• Home & Garden
  • Law, Government, & Politics
  • News
  • Personal Finance
  • Society
  • Science
  • Pets
  • Sports
  • Style & Fashion
  • Technology & Computing
  • Travel
  • Real Estate
  • Shopping 
  • Religion & Spirituality
  • Uncategorized
  • Non-Standard Content
  • Illegal Content

And from that, Google created its own list of about 350 topics nested within a dozen categories similar to the IAB’s. 

Google Topics also takes some steps significant from both a cultural and technological perspective. Sensitive topics, such as gender or race, are excluded. We also learn from The New York Times that human curators will play a part in Google Topics. 

Also leading marketers everywhere to scratch their heads: Google Topics will include only a few thousand cohorts (or maybe as little as a few hundred) compared to FLoC’s intended spread of hundreds of thousands. This is clearly targeted at FLoC flak regarding its abundance of categories: there were so many, it essentially became an only-slightly-less-invasive identifier. 

Chris Comstock headshotFewer, larger groups with a limited number of topics will pose a challenge for smaller platforms versus bigger ones,” says Claravine Chief Product Officer Chris Comstock. “It will become a scale play to get more topics.”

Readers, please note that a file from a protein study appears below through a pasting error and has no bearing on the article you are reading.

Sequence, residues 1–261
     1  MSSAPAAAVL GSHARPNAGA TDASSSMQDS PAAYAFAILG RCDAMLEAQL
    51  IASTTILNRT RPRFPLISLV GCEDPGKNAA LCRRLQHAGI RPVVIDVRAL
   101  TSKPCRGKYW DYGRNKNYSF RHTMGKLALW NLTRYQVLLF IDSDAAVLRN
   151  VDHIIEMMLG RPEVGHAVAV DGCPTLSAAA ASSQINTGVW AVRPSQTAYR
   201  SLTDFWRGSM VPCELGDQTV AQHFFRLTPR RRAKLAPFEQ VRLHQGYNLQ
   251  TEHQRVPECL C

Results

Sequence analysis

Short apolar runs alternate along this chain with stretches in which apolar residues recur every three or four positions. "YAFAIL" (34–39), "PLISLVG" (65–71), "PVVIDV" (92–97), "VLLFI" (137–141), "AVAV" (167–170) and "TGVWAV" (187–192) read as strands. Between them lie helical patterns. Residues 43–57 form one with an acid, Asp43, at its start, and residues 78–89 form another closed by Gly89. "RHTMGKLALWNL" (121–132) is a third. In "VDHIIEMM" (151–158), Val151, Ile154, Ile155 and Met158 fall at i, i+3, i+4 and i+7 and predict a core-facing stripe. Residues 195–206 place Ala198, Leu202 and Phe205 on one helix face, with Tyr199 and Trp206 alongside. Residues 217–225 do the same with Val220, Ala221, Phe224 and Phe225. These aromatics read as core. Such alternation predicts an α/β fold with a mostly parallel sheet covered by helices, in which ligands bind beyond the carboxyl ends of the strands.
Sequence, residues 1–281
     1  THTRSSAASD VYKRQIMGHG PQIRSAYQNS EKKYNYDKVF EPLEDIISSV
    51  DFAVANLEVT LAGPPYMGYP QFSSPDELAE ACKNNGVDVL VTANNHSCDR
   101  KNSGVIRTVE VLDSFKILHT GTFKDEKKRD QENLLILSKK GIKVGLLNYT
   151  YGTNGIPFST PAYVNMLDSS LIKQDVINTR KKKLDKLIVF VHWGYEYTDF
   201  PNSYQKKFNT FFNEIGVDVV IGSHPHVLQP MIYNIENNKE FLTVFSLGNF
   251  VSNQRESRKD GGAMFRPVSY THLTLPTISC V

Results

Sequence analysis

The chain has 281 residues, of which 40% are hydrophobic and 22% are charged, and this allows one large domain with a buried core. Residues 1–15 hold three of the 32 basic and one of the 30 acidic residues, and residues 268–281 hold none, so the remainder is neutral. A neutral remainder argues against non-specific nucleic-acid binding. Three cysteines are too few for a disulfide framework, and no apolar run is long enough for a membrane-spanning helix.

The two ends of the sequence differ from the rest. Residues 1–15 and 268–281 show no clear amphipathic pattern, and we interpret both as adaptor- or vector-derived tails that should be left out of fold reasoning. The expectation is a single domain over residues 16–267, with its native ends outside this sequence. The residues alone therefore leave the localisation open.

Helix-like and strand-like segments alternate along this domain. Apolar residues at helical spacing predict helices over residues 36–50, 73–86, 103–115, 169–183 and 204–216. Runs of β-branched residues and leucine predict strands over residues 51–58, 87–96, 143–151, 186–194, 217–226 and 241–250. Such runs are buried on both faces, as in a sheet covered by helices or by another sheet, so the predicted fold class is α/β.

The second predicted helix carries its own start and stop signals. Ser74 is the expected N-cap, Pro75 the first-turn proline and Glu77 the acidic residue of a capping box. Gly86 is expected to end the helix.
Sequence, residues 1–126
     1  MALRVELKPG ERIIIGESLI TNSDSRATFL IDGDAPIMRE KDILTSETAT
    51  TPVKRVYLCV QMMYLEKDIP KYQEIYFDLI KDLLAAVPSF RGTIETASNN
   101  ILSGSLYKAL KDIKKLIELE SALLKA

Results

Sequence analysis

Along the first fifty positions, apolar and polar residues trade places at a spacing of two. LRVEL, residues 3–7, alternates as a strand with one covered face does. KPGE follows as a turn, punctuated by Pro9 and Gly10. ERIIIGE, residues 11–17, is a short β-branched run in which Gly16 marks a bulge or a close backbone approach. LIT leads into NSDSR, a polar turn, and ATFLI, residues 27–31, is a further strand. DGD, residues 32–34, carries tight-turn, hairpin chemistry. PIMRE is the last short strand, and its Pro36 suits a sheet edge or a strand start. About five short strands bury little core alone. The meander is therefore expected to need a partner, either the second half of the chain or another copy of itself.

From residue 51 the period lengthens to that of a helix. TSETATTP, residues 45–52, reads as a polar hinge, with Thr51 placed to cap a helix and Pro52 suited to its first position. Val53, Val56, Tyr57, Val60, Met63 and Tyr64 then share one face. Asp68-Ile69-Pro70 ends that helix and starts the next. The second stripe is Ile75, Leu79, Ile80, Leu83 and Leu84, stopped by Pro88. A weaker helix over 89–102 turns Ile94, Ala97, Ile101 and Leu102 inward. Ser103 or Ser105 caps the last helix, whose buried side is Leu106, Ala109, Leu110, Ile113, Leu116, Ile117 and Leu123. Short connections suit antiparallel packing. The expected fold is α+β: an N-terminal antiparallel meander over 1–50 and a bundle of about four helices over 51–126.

Paul Bannister, Chief Strategy Officer at Cafe Media, posits the advantage ad networks will have over single publishers. Third-party AdTech firms will have audience data from every site they work with, while publishers of individual sites would not. 

He also points out how a domain may be categorized as one topic broadly, yet a page or subdomain of another totally relevant site would not.

So big Ad Tech, with their hands on thousands of domains for which they serve ads, will get better targeting data than a single publisher, such as The New York Times, which is limited to topic data collected on its own domain. Because they can aggregate that data across domains and see a more complete picture to enable targeting, they’re a leg up on the competition. 

Comstock also ponders, “this coming out as Google battles anti-trust lawsuits in the United States and the European Union — are they trying to ‘play nice’ as Big Government comes for them?”